Get Connected
  • facebook
  • twitter
  • Sign In
  • Classifieds
  • Sections
Print

Probe of miner breathing devices broadens, officials say

AP Photo
Scott Shearer, president of CSE Corp., with one of his company's SR-100 self-contained self-rescuers.

Read the user noticeCHARLESTON, W.Va. -- Major problems with the nation's most widely used coal-mine emergency breathing device may be much broader than originally revealed, and could prevent tens of thousands of the CSE Corp. units from starting properly in the event miners need them to escape an underground fire or explosion, officials said Tuesday.

Federal regulators are concerned the defect could affect 70,000 to 90,000 self-contained self rescuers in use by miners across the nation's coalfields, according to Les Boord, director of personal protective technology at the National Institute for Occupational Safety and Health.

"We think it's a problem," Boord said in a phone interview Tuesday.

Earlier Tuesday, the U.S. Mine Safety and Health Administration disclosed a "user notice" in which CSE itself acknowledged the potentially broader scope of problems with its SR-100 model.

"Until the root cause can be identified, we must assume that the potential for start-up oxygen cylinders to fail may extend to any field-deployed unit, and not just the serial numbers that were previously identified," CSE said in the notice, dated Monday.

In late February, Monroeville, Pa.-based CSE announced what it said at the time was a "recall" of more than 4,000 units because of concerns about the oxygen starter mechanism.

But contrary to the company's press release, CSE has not actually recalled any of the potentially affected units. None have been taken out of service or replaced, company president Scott Shearer said in an interview.

Instead, CSE is warning miners that the units might not start initially and urging mine operators to update training on a backup manual startup procedure.

"If for any reason a unit does not inflate the breathing bag, the user should don another unit if one is readily available," CSE said in a user notice issued Monday. "If a second unit is not readily available, the manual start should be used."

CSE had originally said in February that it believed the oxygen starter problem involved only a small portion of one lot of 4,000 SR-100s manufactured in May 2009.

The company said Tuesday its concerns had expanded to two lots and involved as many as 11,000 units. "We feel it is a very small part of the population, but we've taken the added precaution to alert everybody," Shearer said.

But NIOSH officials revealed that their agency and CSE had been jointly investigating similar oxygen starter problems with previously manufactured SR-100s since December -- two months before the company's February announcement.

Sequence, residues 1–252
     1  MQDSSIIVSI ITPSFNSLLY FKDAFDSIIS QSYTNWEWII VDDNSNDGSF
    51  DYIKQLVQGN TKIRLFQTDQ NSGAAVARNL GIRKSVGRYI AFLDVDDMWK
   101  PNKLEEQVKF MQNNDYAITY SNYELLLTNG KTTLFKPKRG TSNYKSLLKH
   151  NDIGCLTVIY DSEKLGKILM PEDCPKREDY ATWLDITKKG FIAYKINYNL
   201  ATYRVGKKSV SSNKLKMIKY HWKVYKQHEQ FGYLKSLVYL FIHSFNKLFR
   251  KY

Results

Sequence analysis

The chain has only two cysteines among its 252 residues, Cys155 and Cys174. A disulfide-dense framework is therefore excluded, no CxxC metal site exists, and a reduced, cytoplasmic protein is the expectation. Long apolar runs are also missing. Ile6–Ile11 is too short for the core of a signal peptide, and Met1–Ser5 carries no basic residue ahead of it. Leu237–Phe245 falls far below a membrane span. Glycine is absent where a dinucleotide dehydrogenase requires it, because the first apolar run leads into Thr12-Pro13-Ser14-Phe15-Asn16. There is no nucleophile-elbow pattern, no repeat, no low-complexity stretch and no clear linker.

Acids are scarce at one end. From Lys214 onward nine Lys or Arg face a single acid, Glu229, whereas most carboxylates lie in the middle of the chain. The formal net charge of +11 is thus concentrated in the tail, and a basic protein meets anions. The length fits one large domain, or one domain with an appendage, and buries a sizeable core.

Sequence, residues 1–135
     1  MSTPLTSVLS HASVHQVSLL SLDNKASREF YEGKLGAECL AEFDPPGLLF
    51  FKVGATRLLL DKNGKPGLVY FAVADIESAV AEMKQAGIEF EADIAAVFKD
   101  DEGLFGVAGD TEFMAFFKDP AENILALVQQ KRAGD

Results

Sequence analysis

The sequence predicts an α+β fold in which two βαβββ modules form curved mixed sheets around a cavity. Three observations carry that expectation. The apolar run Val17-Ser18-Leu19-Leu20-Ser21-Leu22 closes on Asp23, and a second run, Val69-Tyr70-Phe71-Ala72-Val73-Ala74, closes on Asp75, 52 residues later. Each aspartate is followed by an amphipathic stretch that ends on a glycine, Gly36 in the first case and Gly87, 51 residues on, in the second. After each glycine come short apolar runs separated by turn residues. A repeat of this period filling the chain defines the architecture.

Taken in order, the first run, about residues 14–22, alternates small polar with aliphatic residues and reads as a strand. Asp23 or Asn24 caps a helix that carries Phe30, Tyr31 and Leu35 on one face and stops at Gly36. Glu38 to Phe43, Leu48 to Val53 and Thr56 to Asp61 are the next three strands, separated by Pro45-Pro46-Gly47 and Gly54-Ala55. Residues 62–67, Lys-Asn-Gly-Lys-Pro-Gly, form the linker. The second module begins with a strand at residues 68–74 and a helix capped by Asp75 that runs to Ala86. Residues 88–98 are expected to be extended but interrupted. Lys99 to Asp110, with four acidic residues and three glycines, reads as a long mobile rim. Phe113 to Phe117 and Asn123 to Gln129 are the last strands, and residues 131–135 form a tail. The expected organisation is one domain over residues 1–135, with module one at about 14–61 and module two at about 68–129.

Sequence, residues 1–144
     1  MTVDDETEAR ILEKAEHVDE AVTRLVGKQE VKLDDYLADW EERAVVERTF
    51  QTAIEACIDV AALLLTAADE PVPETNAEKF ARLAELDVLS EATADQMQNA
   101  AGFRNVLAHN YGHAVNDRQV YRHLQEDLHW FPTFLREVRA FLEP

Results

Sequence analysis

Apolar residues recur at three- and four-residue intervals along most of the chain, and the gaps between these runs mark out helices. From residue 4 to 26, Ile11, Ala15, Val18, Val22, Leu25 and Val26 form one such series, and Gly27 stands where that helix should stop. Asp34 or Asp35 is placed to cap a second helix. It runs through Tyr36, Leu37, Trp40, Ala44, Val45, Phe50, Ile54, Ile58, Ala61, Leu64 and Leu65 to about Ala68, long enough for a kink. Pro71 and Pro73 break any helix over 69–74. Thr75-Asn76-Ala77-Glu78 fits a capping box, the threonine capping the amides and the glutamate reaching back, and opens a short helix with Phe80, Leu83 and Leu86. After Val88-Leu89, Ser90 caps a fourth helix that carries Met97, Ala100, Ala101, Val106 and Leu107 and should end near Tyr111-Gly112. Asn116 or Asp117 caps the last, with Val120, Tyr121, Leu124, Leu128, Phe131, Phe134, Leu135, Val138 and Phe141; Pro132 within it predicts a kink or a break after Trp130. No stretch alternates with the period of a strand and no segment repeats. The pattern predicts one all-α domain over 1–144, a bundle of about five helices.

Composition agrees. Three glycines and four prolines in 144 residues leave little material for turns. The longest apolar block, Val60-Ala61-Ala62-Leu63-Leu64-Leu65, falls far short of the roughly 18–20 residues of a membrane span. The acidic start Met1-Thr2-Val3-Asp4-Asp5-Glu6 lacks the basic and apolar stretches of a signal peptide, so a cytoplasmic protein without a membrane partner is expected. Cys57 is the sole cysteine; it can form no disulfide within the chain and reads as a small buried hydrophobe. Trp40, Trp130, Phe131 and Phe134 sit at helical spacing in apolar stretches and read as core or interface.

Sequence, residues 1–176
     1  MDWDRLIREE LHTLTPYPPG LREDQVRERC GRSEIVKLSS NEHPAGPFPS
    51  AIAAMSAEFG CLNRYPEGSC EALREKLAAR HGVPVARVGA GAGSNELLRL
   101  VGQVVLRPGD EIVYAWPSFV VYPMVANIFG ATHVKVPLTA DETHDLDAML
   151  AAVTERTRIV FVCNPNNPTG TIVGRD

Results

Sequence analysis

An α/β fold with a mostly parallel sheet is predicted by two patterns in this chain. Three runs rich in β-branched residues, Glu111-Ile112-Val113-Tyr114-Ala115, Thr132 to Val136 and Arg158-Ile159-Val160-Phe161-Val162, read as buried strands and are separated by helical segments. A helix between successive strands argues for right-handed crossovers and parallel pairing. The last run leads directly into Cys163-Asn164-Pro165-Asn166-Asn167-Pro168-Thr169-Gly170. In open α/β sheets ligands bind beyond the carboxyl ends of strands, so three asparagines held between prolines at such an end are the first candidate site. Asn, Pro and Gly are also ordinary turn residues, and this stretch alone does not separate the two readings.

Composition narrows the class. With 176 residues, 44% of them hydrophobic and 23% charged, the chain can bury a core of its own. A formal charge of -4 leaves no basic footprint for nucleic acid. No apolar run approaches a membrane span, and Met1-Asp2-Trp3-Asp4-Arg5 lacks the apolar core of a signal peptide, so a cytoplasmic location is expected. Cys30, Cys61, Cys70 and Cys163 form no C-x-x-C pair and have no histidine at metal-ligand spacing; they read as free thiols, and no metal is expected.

"It appears the problem cannot be isolated to newer manufacturing," Boord said. "The issue can apply to all CSE units."

The SR-100 model uses a chemical process to generate the oxygen needed for a 60-minute supply of breathable air. Generally, the SR-100 units are started by pulling a large orange tab that activates an oxygen cylinder. The cylinder inflates a breathing bag. Once a miner starts breathing through the bag, the exhaled gases react with the unit's chemicals to generate more oxygen for the miner.

SR-100s can also be started manually if the oxygen cylinder fails to inflate the breathing bag. But that process involves breathing ambient air -- which could be full of smoke -- and exhaling into the mouthpiece to start the chemical reaction.

Over the years, coal miners have complained repeatedly about SCSRs not starting or appearing to start slowly. Government and industry officials have generally dismissed those complaints. They said miners were not properly trained and did not understand how their SCSRs worked.

Months after the Sago disaster, survivor Randal McCloy said the SR-100s of four of the 12 miners trapped by the Jan. 2, 2006, explosion would not start. McCloy described how he tried especially hard to start the rescuer that belonged to his mining partner, Jerry Groves, who eventually died of carbon monoxide poisoning.

"I fought with it for I don't know how long, trying to mess with that valve, blow air through it, or anything I could do, but nothing would work," McCloy told investigators.

In lawsuits filed after the disaster, Sago miners' families were investigating concerns that the SR-100 oxygen cylinders -- made by South African-based African Oxygen Ltd. -- somehow leaked, leaving them without enough oxygen to properly start the units. Most of the suits against CSE have been settled, court records show.

CSE said in February that company representatives planned to visit mines with affected units "to replace the units and provide additional training and outreach."

But Shearer said the company has focused only on encouraging mine operators to remind workers of how to perform the manual start. Shearer said NIOSH would not currently allow his company to replace any problem SR-100s with new units.

Boord said the decision not to ship new units is actually a voluntary one by CSE. Boord said there is nothing preventing CSE from taking units that might be affected by the problem out of the mines -- but that mine operators would then have to replace them with units from one of CSE's competitors. So far, neither NIOSH nor MSHA has made any move to require such action.

"That would be a potential remedy," Boord said. "But until the problem is identified and a corrective action is identified, we can't really say what should happen."

Reach Ken Ward Jr. at kward@wvgazette.com or 304-348-1702.


Print

User Comments